Common Problems encountered with TIG - Part 1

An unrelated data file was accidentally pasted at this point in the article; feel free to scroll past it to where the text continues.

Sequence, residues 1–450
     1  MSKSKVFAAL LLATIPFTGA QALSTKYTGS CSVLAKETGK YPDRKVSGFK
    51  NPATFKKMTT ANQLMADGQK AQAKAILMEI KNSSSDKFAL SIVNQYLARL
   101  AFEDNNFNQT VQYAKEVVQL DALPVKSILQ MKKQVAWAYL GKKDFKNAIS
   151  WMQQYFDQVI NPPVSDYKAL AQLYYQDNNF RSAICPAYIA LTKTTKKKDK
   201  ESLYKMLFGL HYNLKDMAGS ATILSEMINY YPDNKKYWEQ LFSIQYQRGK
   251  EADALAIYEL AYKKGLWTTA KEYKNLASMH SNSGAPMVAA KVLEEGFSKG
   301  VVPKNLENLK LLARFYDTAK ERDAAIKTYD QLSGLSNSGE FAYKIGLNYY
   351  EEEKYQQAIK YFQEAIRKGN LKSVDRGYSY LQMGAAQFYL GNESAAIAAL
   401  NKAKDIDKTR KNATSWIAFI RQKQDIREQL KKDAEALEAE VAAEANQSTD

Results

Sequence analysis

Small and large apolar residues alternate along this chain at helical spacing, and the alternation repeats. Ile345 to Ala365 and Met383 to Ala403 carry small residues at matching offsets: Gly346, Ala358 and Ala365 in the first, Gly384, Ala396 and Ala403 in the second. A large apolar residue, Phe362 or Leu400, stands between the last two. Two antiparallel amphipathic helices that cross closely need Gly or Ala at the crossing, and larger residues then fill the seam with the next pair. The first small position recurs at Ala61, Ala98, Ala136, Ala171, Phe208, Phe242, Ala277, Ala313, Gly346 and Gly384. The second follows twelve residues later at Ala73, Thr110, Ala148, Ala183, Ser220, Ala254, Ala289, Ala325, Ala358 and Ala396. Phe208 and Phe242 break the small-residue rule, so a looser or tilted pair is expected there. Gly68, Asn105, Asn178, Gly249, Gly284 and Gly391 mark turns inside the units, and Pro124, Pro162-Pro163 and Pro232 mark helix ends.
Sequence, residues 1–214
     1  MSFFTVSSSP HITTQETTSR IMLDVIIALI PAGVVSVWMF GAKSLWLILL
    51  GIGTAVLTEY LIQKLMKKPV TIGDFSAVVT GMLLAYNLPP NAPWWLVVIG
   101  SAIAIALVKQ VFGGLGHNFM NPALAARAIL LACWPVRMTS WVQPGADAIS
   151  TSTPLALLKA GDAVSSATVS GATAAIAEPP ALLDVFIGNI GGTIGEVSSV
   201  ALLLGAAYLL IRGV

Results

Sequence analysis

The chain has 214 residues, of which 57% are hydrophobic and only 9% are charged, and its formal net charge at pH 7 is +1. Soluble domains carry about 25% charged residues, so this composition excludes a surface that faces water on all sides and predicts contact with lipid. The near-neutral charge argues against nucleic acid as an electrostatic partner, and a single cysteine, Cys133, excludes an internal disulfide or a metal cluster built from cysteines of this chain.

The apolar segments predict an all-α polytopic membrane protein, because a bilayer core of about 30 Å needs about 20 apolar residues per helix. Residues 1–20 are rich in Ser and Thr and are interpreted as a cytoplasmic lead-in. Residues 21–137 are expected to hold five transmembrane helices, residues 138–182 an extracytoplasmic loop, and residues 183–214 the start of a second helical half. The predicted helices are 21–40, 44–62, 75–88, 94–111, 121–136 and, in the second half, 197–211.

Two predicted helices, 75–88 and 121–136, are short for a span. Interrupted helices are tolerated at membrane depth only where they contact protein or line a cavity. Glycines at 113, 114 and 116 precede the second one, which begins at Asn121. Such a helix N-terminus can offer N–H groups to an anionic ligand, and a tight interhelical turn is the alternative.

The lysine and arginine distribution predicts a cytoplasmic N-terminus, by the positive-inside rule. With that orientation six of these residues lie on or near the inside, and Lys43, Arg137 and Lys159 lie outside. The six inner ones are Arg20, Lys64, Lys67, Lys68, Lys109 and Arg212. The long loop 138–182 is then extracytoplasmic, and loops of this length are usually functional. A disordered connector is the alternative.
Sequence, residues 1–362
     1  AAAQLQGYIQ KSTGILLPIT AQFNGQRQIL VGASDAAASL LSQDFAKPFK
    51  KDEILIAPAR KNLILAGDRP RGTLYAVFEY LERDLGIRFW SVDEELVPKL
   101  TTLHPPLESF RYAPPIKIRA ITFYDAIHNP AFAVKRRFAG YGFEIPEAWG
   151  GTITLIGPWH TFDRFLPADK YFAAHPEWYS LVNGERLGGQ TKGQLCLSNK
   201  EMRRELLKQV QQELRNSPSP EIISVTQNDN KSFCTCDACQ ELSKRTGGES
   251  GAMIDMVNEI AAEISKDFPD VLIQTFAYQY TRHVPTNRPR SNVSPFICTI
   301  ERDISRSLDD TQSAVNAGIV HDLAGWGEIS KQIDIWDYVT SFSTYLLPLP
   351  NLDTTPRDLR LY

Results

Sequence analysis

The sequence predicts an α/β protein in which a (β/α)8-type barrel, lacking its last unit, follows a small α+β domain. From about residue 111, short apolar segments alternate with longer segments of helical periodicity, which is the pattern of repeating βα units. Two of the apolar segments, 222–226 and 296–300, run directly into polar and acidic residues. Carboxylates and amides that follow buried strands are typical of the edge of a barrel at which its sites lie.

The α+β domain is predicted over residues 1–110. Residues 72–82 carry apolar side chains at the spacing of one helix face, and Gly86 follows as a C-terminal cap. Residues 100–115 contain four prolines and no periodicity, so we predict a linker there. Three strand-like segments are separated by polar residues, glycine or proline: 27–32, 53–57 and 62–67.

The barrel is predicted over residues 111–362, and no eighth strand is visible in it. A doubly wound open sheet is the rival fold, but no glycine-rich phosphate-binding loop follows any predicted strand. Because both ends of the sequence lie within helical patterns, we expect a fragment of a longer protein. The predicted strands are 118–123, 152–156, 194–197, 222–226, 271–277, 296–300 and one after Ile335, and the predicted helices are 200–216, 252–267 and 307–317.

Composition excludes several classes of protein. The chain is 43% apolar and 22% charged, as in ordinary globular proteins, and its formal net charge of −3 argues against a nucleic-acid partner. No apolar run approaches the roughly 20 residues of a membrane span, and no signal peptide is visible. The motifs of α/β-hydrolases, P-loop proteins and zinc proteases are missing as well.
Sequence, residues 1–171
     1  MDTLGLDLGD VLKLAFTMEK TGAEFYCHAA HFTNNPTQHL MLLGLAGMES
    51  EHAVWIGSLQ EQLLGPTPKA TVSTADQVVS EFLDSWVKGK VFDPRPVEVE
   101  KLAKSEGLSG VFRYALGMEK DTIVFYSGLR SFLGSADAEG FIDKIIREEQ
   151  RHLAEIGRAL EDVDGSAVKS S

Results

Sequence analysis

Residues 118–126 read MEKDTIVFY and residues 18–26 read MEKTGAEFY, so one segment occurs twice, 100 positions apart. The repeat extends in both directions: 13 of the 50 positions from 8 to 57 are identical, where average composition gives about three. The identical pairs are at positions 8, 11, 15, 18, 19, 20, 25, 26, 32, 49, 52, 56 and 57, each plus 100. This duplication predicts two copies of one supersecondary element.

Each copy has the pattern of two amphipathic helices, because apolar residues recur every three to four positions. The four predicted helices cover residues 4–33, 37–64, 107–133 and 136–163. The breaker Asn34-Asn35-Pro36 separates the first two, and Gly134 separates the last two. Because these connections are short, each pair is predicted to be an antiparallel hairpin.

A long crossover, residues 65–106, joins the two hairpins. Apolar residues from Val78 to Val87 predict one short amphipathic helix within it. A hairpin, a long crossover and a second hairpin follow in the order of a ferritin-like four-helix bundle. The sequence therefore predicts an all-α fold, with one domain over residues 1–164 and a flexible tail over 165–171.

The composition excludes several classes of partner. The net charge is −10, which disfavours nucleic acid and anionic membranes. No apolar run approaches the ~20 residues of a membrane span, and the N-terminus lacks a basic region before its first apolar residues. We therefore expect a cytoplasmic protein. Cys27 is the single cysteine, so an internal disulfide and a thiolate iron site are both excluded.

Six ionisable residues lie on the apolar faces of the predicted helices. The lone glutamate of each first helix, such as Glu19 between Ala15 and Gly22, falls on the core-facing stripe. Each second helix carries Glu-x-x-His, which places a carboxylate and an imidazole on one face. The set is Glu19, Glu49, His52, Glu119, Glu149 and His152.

“What happened to my tungsten? It balled up and then disappeared.” This is a common question I get when I field tech calls regarding a customer’s perceived issue with his or her new Everlast TIG welder. Almost never is it a machine problem. Only once over the past 7 years that I have been with Everlast have I seen a machine problem being the actual cause of this problem. And even then it was easily cured. But there are several possible causes that can create this condition. The first and most common problem is that the customer is welding in AC mode and has the AC balance turned up too high but does not occur in DC. Ordinarily there is no reason to exceed 40% AC balance. Usually 20-35% is more than enough. This may be opposite than some brands, but because we use a value of percent of positive electrode, our settings would be the reciprocal value. Another common cause is that polarity has been reversed. This is identified by the fact that this happens in both AC and DC modes. This means that the work and the torch locations are backwards. The TIG torch should always remain in the negative, regardless of process used (AC or DC). And of course the work clamp should be in the positive. This usually occurs when a user has switched back over from stick welding to TIG welding and they forget to relocate the work clamp and simply disconnect the TIG torch. Less common, but still a significant cause of this is that the wrong type of tungsten is used. This is usually caused by using pure (green stripe) tungsten or Zirconiated (white or brown) tungsten with our Everlast inverters while welding in AC mode. These two types are simply not suitable for use in our inverters and cannot stand up to use. These are well suited for transformer TIG welder use, but are not typically a good choice for an Inverter TIG welder.